Posted by Greg on Jan. 22, 2014 @ 12:31 pm

1,000 landlords complain. Rigid ideologs like Avalos and Campos are probably the least likely to be swayed by public comment.

I'd agree that the Supes listen to their constituents. After all, they want to be popular and to be re-elected. But that means the more normal day-to-day kind of interaction with residents that someone like Wiener does a really good job of.

If he hears a rabble crowing about Google (as i imagine was the case yesterday) then he knows that is not a representative group. More generally the anti-shuttle crowd tend to be more passionate and zealous, while the pro-shuttle folks are hardly likely to feel strongly enough about it to show up.

Supes are good at knowing when the comments they hear at meetings are representative, and when they are just the hollow rants of an extremist fringe group.

Posted by Guest on Jan. 22, 2014 @ 12:51 pm

Is another man's constituency. If you serve only the 1%, then everybody else looks like rabble.

1000 landlords will never show up to public comment. That's not the way they operate. They prefer private meetings where their message doesn't have to compete with someone else's, backed up by a check quietly slipped into the campaign coffers (on a different day of course, totally unrelated to what the landlord wants of course).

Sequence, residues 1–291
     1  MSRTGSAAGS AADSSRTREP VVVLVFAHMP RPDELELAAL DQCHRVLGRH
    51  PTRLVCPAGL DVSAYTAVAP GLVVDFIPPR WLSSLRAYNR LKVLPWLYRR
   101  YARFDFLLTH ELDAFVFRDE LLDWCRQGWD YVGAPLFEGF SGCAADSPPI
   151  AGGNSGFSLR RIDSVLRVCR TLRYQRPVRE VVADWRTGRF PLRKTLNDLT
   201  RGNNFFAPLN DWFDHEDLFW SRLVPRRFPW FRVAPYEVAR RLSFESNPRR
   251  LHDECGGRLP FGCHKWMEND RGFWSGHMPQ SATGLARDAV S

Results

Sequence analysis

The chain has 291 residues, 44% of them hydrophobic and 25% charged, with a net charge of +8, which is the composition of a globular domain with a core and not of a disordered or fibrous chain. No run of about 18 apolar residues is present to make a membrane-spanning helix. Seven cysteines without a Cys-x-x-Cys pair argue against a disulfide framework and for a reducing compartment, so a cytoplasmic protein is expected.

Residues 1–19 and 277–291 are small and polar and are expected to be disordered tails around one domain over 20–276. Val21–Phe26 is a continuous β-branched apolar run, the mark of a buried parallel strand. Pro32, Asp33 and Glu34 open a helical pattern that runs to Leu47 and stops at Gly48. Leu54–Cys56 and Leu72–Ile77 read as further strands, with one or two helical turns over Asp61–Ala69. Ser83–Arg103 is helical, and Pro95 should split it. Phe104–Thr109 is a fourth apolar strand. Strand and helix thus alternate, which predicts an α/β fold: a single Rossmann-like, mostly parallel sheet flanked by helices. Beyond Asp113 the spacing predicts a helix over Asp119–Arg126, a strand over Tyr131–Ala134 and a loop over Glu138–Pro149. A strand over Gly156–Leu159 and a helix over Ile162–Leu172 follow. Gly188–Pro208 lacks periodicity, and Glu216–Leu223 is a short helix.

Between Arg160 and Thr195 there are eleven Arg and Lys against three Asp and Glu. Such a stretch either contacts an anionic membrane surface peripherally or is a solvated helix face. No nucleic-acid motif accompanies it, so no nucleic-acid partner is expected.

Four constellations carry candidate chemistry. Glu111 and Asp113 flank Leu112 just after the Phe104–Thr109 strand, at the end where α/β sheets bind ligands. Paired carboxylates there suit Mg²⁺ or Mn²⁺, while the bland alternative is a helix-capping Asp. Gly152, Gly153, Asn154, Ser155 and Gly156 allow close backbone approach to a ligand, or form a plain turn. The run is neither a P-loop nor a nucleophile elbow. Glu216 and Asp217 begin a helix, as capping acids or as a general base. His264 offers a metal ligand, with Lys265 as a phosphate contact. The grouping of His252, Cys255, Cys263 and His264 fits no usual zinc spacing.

Even so, some supes can't be bought. Avalos and Campos are primarily there to serve the masses. Their base is in the working class. Weiner's is with the elites and corporations. That's all good and well, but there are far more working class folks than 1%-ers, and in San Francisco far more tenants than landlords. So what Weiner is doing is not what democracy is all about.

Posted by Greg on Jan. 22, 2014 @ 1:07 pm

Wiener sometimes goes with the liberal view, sometimes with a more conservative view. That's because he listens and then decides.

It's Avalos and Campos who always side with the unions and non-profits, never considering the issues or the voters, and blindly following their ideology.

A crowd would show up at a meeting after blocking a bus can reasonably be described as a rabble. Our duly elected and appointed city officers rightly dismissed them as the rabble that they were.

Posted by Guest on Jan. 22, 2014 @ 1:15 pm